While I just wrote more in depth about this in the Fall Issue of Woolgathering (New Issue coming out soon! It’s a good time to sign- up!), I thought it appropriate to share now since this is the first week of school for us!
Last year, I started waiting with Penelope for the bus each morning, when big brother Abe moved on to middle school and a different schedule, bus, etc. At first, I may have been a tiny bit resentful to spend my precious minutes that I could be working (self important - harrumph) waiting for a grumbling bus to arrive.
But, I soon realized what a gift these 15 minutes or so were to spend not only greeting the morning, noticing the weather, noticing the environment, but most importantly to spend extra time with Penelope.
With the construction on Rt. 31, the bus would often be late. So, we had to make our own fun, and we somehow began to study the Trumpet Vine that snakes around our Spring Bird sign and the honey suckle that lives there.
This Trumpet Vine is quite common in south to the point that it is a nuisance, but here at Spring Bird, the winter keeps it in check.
We notice all of the parts of the plant, the nubby bits that grow before the flowers and then the beautiful orange blossoms that remind me of the color of port wine spreadable cheese. We don’t pay too much attention to the green leaves that get sort of mixed-up with the honeysuckle, but the curious green pods that grow after the blossoms wither are our favorite. We watch the pods all year long. They grow brown and rattly in the winter. We watch what gets eaten and where. In the winter, the deer tracks in the snow give away the culprit.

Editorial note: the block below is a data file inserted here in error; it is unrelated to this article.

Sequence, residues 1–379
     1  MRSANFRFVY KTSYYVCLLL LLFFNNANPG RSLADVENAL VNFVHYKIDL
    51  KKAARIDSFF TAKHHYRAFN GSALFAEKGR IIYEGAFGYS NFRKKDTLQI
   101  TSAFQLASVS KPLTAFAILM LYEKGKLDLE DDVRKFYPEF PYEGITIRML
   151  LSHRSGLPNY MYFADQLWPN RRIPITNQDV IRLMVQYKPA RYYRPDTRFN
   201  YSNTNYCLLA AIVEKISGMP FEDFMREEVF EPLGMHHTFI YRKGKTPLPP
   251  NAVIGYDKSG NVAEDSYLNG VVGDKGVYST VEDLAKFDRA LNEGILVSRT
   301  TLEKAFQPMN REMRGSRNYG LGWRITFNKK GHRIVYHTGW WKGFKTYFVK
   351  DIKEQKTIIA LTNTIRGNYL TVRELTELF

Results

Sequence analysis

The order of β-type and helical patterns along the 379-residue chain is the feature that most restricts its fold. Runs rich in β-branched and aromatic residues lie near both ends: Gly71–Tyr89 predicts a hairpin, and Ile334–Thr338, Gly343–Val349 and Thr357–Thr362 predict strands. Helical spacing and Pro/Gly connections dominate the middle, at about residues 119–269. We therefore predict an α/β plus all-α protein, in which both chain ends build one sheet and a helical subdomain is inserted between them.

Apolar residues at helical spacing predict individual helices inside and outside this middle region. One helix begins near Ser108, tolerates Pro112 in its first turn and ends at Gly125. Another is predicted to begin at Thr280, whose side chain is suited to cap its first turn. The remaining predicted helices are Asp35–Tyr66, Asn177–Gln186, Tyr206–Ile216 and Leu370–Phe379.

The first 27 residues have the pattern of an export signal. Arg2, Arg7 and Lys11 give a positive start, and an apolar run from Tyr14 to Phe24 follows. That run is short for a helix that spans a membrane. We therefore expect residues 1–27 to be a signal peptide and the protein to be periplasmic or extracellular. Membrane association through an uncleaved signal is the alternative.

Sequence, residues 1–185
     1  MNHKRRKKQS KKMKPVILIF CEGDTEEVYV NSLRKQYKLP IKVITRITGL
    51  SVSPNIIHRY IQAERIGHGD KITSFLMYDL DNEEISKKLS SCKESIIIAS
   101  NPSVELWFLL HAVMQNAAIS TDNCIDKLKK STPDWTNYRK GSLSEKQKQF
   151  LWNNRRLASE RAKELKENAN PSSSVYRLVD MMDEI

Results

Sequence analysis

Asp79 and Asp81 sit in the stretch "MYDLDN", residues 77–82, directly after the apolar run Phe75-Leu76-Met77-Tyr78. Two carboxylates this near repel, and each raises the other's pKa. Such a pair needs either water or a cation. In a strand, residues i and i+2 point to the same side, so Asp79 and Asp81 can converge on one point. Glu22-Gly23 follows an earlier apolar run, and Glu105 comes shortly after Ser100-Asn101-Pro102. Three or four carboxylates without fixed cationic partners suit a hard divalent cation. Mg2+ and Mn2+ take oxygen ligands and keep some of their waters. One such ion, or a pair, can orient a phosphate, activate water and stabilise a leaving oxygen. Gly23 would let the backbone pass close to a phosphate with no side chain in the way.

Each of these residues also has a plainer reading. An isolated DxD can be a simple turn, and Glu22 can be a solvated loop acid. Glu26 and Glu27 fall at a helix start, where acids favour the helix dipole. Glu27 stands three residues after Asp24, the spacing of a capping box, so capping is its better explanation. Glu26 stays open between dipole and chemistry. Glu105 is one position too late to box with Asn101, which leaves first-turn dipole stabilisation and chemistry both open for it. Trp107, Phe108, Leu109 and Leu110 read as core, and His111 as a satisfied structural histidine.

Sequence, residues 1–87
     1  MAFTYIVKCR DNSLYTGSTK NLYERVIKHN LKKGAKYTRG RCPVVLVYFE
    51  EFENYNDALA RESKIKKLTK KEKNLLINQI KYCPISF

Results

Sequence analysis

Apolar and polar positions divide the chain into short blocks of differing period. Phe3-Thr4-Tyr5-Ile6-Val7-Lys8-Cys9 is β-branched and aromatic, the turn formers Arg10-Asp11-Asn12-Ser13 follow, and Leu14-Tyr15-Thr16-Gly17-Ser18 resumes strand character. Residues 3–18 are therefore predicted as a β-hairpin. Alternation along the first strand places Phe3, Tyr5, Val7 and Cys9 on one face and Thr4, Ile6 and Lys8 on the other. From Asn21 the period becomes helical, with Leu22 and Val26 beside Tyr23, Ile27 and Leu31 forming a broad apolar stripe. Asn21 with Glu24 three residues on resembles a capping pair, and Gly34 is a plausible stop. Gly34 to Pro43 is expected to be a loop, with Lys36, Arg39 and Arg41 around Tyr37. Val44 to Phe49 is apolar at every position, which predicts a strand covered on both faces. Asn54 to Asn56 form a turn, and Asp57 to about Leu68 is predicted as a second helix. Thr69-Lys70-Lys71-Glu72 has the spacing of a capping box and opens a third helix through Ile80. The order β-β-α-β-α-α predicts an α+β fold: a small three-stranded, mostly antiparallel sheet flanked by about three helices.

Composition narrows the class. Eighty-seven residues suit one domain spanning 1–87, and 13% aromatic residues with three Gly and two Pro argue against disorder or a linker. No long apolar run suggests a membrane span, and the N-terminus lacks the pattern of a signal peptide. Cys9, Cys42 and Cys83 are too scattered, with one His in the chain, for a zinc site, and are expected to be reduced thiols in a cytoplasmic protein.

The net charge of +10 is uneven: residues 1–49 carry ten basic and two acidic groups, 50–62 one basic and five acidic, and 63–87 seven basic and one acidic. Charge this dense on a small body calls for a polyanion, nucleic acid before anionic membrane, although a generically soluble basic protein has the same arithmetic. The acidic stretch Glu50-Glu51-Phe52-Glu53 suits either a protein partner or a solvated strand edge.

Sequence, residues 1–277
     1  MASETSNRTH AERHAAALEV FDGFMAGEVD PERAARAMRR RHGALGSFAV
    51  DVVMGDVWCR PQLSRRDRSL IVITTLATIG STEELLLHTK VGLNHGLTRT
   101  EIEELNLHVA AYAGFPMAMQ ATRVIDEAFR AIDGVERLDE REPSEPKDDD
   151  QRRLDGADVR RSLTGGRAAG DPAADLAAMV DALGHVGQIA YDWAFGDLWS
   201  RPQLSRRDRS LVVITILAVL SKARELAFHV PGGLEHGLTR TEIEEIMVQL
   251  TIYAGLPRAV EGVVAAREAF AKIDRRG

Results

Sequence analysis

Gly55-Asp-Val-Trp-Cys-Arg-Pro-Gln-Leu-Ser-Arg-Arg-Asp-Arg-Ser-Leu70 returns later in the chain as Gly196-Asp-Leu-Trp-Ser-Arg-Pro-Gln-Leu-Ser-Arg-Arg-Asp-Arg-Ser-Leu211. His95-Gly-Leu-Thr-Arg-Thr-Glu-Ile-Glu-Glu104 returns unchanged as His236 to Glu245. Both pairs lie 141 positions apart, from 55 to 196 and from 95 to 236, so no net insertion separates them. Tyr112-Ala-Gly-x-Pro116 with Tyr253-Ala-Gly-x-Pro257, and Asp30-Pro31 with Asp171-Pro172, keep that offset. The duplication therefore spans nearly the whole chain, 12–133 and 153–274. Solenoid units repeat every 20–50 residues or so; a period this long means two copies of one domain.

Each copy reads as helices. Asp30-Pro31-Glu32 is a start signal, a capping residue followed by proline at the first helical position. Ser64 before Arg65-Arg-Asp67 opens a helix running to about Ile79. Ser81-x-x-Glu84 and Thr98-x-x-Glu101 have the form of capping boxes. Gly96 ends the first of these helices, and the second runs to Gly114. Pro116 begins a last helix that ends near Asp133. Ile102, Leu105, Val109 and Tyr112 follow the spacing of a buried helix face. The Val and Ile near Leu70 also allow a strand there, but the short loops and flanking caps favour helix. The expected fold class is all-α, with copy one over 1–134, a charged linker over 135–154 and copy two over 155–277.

We keep our eye on the trumpet vine each morning. It announces the beginning of the school year (for us, anyway), and will carry us into Summer vacation.
Have a great school year everyone! And for those not impacted by the school schedule, enjoy your empty local swimming pool, or lake, or park while the weather is warm!
Anna Lentz, artist, writer, and creativity coach who blogs about making a creative life connected with nature at Spring Bird.